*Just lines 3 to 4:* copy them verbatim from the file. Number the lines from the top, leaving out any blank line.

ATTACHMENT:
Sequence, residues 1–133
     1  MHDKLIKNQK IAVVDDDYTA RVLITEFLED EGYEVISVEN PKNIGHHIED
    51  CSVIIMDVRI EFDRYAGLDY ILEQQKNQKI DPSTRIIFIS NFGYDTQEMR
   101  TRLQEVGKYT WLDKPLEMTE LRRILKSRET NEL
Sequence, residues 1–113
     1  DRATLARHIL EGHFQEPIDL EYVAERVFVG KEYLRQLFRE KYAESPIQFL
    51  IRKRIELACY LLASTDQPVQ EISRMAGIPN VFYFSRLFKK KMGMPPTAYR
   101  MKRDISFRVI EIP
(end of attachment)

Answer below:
    51  CSVIIMDVRI EFDRYAGLDY ILEQQKNQKI DPSTRIIFIS NFGYDTQEMR
   101  TRLQEVGKYT WLDKPLEMTE LRRILKSRET NEL